Vedrinski grew up cooking in his grandmother's kitchen under her passion-infused, Italian-influenced tutelage. He was an eager student with such fervor for food that it led to his degree in restaurant management from Columbus College and a three-year apprenticeship under Certified Master Chef Hartmut Handke. His lifelong passion and career was ignited. Years later, Vedrinski was also awarded an Honorary Doctorate Degree in Culinary Arts from Johnson and Wales University.
Vedrinski's first stint as an executive chef was at the acclaimed Opus Restaurant in the former Swissôtel Atlanta, where his talent was quickly lauded when Opus was named "One of the Best New Restaurants in America (1991)," by Esquire Magazine. Chef Vedrinski was an early adopter to the practice and promotion of farm to table freshness as he heralded Georgia homegrown foods, landing him a spot on The Today Show.
His next stop took him to Summerville, S.C., where he served as executive chef at Woodlands Inn & Resort. Vedrinski earned the only Mobile Five-Stars awarded to a South Carolina restaurant at The Restaurant at the Woodlands. In 2002, the restaurant received the only perfect food score in North America byCondé Nast Traveler.
Vedrinski then moved to Daniel Island, a suburb of Charleston, where he co-owned and operated Sienna Restaurant, his first professional commitment to exclusively Italian cuisine. Once again, Esquire Magazine took notice with yet another, "One of the Best New American Restaurants (2004)," designations. John Mariani with Esquire Magazine said, "Were I to award points in this annual restaurant survey, only Sienna would get a ten solely for its cooking."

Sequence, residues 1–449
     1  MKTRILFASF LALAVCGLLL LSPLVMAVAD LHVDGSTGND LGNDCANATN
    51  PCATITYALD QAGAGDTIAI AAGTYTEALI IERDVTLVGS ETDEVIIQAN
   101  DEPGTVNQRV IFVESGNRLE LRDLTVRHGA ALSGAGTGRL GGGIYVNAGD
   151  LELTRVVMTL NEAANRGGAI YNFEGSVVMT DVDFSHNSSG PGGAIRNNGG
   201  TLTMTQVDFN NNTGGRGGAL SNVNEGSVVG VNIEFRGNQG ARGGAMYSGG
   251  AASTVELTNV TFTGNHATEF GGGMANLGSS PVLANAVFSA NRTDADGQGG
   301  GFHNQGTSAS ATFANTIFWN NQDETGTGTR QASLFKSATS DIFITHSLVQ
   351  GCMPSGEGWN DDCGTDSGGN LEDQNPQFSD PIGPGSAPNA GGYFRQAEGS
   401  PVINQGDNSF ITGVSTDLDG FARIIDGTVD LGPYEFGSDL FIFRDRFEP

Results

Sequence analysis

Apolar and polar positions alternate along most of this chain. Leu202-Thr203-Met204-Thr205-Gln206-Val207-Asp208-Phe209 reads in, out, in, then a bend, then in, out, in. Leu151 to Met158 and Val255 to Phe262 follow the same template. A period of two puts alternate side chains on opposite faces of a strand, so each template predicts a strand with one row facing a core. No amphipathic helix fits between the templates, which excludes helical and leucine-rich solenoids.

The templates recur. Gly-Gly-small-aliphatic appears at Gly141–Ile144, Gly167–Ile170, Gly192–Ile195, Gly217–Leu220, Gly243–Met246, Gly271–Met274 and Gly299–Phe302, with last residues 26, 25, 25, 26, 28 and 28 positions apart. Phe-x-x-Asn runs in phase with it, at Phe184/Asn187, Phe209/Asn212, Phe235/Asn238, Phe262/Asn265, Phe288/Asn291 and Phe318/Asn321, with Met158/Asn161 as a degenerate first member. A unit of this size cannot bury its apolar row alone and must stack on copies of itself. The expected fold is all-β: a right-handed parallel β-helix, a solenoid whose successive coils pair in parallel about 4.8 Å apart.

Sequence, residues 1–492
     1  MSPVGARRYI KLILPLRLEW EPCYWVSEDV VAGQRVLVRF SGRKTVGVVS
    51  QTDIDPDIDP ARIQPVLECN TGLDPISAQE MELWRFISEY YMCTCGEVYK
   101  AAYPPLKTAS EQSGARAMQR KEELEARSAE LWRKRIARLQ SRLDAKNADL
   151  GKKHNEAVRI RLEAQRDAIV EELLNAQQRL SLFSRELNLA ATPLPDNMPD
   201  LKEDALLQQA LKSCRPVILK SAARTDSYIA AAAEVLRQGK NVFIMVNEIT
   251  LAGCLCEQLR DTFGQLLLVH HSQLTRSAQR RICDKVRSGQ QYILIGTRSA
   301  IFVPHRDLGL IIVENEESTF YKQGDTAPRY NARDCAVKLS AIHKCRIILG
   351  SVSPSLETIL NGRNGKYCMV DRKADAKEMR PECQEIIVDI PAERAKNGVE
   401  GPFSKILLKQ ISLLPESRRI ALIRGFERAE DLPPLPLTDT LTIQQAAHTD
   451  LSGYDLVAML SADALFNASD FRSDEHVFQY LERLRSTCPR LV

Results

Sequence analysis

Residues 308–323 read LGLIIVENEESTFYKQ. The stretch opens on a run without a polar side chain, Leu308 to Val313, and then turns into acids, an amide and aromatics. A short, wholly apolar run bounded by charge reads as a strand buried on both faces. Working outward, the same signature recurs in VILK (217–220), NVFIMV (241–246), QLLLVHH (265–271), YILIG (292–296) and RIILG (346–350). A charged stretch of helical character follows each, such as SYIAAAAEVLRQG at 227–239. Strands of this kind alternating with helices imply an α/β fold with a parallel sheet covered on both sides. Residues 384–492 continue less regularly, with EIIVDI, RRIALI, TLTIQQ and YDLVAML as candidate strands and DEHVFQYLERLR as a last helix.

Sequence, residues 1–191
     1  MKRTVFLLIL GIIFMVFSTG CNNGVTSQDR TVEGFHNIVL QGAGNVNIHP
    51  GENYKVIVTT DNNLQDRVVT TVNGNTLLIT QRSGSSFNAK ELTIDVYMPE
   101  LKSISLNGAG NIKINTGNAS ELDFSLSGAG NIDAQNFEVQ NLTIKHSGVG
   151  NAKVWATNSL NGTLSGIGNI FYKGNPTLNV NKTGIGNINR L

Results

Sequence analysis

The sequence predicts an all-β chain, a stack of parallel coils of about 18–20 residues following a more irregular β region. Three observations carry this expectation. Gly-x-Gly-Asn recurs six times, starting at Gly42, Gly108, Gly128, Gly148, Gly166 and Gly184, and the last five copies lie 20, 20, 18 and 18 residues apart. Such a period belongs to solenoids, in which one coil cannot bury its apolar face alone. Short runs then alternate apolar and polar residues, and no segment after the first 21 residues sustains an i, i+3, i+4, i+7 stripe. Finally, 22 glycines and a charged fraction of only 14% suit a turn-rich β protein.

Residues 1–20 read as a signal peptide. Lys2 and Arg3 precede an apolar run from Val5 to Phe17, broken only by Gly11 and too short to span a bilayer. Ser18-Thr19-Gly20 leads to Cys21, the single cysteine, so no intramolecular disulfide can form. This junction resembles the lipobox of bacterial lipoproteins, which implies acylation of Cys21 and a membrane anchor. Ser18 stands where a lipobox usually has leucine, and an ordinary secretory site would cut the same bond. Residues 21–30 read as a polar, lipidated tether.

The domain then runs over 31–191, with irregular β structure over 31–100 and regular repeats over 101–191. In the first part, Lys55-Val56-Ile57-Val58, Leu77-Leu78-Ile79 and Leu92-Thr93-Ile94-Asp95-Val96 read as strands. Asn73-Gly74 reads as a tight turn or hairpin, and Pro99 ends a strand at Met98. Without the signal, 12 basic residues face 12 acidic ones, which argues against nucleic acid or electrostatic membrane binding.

Embracing his culinary heritage, Vedrinski embarked on food-fueled expeditions to Italy in search of the most authentic ingredients, olive oils and wines. His journeys took him to Lucca in Western Tuscany, which he claims to be the home of "the best olive oil in the world." Inspired by the beloved olive oil and his love for the region, Vedrinski opened Trattoria Lucca in 2009, acting as sole owner, executive chef and sommelier of the charming Italian restaurant.
Tucked away in a quiet corner of downtown Charleston's Elliotsborough neighborhood, the modestly priced Trattoria Lucca showcases Vedrinski's passion for Italian cuisine prepared with the freshest Lowcountry fish and local produce. Vedrinski changes the dinner menu nightly depending on what the local ingredients inspire him to create that night, or what fresh catch the local fishmonger brings to his doorstep directly from the boat, such as seasonal triggerfish or black bass. He often showcases the freshest local fish in his locally famous crudo di pesci, which was chosen as an editor's pick for "50 Foodie Faves" by Charleston magazine in December 2010.
Each afternoon, Vedrinski can be found at Lucca's travertine bar rolling out fresh pasta for that night's dinner - everything from tagliolini and cavatelli to bucatini. He tosses the authentic pastas with local produce and seafood from the local waters to create unforgettable dishes, such as aglonotti of fresh snails and cresenza with wild ramp brodo, which was highlighted by New York Magazine as one of the top pastas in the country.
An outstanding selection of artisan cheeses imported by Manoli Davani (which earned "Best Cheese Plate" honors from Charleston City Paper), as well as traditional Italian salami choices, a hand-picked Southern Italian wine list and Monday family-style suppers are all part of the Lucca experience.
The charming restaurant was a James Beard Award semi-finalist for Best New Restaurant in 2009, and Vedrinski was also recognized as a James Beard Award semi-finalist for Best Chef in the Southeast in 2011. With a devoted local following and industry acclaim, Vedrinski and Trattoria Lucca are redefining Italian cuisine in the Lowcountry.